Some fields of science have been around for millennia – there have been mathematicians ever since humans ran out of fingers and toes to count on. Others are more recent. Phrenology, the study of an assumed relationship between the size and shape of the human skull and individual or racial characteristics, is unusual in having a precise start date. It was announced to the world of medicine in 1796 by the German doctor Franz Joseph Gall.
In the following two centuries Gall’s ideas were elaborated on by a large number of followers, including criminologists, anthropologists and self-declared racists. Sir Arthur Conan Doyle was a devotee and his creation Sherlock Holmes relied on phrenological principles to deduce from the height and curve of his forehead that his nemesis Professor Moriarty was a criminal mastermind.
It is hard to find a practising phrenologist these days, but the discipline was once highly thought of in Whanganui. The Chronicle reported in 1879 on an examination of the prophet Te Whiti by one Professor Frazer, an eminent phrenologist. “The organs of memory are full,” he declared, “and the eye indicates plenty of language. His strong point, and the one most likely to influence, is his combination of spirituality, veneration and hope… The portion of the brain in which these organs are located is not only large, but active.”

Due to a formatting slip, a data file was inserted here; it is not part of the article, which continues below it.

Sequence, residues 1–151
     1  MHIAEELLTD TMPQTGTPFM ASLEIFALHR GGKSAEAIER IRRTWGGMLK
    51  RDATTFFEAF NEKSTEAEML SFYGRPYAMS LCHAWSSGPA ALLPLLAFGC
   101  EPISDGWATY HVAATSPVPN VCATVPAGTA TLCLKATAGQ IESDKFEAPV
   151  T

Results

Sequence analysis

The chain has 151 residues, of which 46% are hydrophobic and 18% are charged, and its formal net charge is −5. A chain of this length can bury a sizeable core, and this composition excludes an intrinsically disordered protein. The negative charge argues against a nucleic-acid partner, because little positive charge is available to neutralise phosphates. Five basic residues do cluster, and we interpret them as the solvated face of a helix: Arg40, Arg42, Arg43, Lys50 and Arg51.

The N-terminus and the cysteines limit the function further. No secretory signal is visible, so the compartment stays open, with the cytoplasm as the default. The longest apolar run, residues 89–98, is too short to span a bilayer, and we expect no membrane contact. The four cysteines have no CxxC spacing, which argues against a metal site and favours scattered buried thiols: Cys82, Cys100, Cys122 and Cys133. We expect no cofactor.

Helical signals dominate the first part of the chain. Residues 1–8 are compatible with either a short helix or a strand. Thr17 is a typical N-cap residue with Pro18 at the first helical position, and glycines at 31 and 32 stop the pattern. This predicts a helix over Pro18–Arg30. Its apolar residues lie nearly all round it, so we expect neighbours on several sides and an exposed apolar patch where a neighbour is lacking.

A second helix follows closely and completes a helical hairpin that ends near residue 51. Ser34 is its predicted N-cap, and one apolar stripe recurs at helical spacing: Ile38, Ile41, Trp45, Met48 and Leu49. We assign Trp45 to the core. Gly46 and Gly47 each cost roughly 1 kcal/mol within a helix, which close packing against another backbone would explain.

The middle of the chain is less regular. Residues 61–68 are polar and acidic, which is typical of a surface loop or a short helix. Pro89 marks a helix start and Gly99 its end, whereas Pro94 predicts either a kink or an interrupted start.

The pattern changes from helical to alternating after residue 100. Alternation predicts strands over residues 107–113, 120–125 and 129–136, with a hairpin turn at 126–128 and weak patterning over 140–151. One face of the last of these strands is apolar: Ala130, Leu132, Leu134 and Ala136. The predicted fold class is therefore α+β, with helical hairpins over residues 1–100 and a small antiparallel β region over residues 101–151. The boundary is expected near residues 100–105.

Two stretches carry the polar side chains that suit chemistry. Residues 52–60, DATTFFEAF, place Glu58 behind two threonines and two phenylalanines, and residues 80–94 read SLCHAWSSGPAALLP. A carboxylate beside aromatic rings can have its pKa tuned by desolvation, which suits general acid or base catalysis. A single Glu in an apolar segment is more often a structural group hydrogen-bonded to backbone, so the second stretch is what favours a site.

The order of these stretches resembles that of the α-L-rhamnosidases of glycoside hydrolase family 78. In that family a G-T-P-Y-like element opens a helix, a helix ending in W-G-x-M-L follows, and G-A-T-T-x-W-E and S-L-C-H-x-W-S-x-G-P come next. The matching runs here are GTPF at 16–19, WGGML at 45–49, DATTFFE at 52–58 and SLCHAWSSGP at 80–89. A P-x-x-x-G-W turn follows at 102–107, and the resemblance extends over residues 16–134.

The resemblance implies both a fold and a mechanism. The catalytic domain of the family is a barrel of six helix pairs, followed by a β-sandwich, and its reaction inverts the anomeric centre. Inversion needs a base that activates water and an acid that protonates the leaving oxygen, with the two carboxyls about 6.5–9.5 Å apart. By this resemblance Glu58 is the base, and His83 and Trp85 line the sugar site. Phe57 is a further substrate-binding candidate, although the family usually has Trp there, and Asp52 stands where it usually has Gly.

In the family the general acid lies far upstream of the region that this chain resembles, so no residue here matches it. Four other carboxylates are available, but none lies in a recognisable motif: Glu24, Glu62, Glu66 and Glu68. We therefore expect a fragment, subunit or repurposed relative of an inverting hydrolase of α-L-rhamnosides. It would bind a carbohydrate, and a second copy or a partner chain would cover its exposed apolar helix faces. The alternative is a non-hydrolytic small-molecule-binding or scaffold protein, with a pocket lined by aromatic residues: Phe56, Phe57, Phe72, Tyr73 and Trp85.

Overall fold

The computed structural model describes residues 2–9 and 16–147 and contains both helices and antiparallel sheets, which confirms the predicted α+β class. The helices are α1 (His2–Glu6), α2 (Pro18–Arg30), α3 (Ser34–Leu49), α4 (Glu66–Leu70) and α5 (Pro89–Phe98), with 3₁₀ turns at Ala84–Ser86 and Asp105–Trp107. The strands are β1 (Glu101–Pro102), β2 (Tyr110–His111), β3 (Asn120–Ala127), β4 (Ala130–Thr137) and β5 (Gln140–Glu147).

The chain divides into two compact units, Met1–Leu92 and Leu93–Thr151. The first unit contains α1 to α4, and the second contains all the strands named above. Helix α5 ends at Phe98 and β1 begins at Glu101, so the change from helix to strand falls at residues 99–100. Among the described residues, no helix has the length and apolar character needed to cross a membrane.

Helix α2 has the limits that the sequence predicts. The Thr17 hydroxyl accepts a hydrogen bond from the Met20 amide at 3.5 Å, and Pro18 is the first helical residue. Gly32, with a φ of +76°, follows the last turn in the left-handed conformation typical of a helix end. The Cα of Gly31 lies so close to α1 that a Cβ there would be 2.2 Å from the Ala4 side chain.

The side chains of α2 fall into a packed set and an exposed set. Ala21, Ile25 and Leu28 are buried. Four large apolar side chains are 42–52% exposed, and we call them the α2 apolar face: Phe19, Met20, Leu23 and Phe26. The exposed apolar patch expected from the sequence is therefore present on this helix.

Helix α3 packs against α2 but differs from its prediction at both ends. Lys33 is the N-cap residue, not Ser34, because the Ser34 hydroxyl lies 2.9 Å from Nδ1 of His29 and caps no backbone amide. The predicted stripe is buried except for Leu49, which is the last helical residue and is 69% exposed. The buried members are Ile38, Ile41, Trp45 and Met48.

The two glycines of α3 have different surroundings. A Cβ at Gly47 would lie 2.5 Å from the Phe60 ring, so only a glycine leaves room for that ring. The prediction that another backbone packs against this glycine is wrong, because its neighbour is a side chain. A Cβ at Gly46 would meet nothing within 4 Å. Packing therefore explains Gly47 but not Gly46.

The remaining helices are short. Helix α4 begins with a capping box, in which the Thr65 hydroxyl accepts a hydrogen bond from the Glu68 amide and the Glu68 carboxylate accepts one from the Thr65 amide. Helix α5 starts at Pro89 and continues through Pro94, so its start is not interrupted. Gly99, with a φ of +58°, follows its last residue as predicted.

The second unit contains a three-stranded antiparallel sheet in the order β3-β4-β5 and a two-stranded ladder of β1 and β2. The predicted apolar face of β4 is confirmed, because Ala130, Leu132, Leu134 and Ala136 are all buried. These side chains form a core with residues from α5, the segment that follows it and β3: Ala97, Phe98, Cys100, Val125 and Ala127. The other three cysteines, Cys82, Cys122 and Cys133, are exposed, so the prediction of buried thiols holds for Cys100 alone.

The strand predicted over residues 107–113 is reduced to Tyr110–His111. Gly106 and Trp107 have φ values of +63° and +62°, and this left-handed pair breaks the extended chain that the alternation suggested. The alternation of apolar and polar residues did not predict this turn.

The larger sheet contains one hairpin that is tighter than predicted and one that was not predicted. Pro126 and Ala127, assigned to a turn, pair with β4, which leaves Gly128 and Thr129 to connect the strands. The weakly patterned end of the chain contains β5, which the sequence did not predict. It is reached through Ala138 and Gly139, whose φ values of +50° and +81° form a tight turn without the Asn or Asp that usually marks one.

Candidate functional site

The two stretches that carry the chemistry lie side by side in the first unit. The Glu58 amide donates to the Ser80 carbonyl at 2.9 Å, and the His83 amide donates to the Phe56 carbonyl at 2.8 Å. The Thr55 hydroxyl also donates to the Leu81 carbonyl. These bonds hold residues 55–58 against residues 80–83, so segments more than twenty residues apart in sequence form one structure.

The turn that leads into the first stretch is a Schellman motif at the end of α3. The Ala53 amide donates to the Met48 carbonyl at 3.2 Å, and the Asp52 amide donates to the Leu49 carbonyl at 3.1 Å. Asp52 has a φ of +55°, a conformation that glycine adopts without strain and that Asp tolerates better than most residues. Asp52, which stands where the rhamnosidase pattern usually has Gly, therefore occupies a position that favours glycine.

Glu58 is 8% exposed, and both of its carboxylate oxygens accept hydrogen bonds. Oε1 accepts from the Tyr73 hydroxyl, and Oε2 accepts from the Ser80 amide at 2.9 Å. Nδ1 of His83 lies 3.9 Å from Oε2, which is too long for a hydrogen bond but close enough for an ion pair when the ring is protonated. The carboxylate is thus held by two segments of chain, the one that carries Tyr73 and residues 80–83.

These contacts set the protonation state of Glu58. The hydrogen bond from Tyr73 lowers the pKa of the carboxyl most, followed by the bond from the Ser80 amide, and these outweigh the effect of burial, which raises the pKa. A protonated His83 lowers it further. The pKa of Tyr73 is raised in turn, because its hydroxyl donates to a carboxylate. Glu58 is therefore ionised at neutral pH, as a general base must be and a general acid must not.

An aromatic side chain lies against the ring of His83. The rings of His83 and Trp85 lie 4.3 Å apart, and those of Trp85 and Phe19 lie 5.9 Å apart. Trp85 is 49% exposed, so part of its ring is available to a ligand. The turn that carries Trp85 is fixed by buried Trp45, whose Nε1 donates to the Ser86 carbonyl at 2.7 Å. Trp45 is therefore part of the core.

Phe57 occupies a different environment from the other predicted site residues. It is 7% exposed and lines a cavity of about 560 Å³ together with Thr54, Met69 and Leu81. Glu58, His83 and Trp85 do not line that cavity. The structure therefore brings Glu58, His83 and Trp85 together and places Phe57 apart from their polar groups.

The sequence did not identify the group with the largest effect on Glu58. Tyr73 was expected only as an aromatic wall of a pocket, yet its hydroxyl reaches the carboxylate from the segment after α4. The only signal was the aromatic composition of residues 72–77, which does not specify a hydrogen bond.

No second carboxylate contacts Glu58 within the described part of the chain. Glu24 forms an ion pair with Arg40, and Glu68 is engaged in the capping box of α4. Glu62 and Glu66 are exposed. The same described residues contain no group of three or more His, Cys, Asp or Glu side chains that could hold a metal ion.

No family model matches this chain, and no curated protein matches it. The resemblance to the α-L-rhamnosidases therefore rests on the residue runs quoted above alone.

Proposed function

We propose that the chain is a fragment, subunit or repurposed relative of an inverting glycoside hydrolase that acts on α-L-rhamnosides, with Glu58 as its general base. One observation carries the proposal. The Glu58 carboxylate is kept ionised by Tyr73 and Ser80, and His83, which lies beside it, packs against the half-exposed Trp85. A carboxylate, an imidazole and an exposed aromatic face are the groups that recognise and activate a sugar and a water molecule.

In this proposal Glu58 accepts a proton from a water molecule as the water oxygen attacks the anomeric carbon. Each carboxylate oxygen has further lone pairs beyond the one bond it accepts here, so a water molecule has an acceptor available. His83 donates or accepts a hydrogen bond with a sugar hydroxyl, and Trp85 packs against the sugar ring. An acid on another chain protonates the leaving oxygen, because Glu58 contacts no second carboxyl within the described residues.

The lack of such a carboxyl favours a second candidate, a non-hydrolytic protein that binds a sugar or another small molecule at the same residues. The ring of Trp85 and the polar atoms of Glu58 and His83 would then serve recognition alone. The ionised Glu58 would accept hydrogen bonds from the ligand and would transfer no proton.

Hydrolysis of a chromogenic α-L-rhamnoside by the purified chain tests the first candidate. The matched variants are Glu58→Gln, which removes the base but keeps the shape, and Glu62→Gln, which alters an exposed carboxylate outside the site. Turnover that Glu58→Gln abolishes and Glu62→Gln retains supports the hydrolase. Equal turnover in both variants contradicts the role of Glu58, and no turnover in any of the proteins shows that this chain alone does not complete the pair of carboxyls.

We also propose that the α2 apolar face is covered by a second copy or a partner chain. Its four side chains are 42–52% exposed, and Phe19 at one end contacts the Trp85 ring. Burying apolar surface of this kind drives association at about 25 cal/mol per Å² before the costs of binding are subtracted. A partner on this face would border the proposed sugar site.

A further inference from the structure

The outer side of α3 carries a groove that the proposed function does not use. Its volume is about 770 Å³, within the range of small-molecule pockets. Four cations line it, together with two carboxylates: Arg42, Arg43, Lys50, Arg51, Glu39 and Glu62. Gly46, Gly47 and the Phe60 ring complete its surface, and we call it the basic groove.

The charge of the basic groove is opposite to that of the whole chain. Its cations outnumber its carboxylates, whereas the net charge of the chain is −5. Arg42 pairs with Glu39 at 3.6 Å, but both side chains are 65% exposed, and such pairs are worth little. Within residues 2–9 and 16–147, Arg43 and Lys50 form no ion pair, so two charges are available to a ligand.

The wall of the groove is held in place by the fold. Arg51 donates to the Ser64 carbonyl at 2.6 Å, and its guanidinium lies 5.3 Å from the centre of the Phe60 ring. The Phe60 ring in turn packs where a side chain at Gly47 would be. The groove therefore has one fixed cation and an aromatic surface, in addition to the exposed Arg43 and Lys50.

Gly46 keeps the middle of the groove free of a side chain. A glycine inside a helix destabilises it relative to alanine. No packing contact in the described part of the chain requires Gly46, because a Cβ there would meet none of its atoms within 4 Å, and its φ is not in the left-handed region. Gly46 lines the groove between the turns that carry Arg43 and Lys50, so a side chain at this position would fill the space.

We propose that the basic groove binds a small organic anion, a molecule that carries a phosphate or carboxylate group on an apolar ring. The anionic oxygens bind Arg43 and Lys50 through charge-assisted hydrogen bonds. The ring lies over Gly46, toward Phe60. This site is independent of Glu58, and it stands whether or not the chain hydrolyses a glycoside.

Once phrenological credentials were established, other opportunities beckoned. Orson Fowler, declared by a pamphlet in the Whanganui Regional Museum to be “acknowledged by all classes as the most distinguished exponent now living of the science of phrenology”, evidently felt qualified to extend his wisdom to “the mutual relations of the sexes”. The flyer promotes his 1870 book Sexual Science which examines “that great code of natural laws by which the Almighty requires the sexes to be governed in their mutual relations”. Knowledge of these laws, it contends, is “of the highest importance, and it is the general ignorance of them among all classes which swells the list of diseases and misery in the world”.
The book is described as “pure and elevated in tone; eloquent in its denunciations of vice and forcible in its warnings against the secret sins which are practised with impunity in every community.” As you might expect, it provides practical advice, including “how to make a right choice of husband or wife; to judge a man or woman’s sexual condition by visible signs; to keep wives healthy and avoid sickly wives; to keep a husband faithful and avoid discord; to avoid the evils attending pregnancy; to manage children; to recognise the signs of self-abuse and cure it; and to raise healthy and vigorous girls fit to be wives and mothers”. It also offers useful information on how to promote the growth of the female bust.
Unfortunately the Museum does not hold a copy of Sexual Science, originally on sale at AD Willis bookshop for 25 shillings. Modern readers will have to make do with Eat, Pray, Love.
Frank Stark is Director of the Whanganui Regional Museum.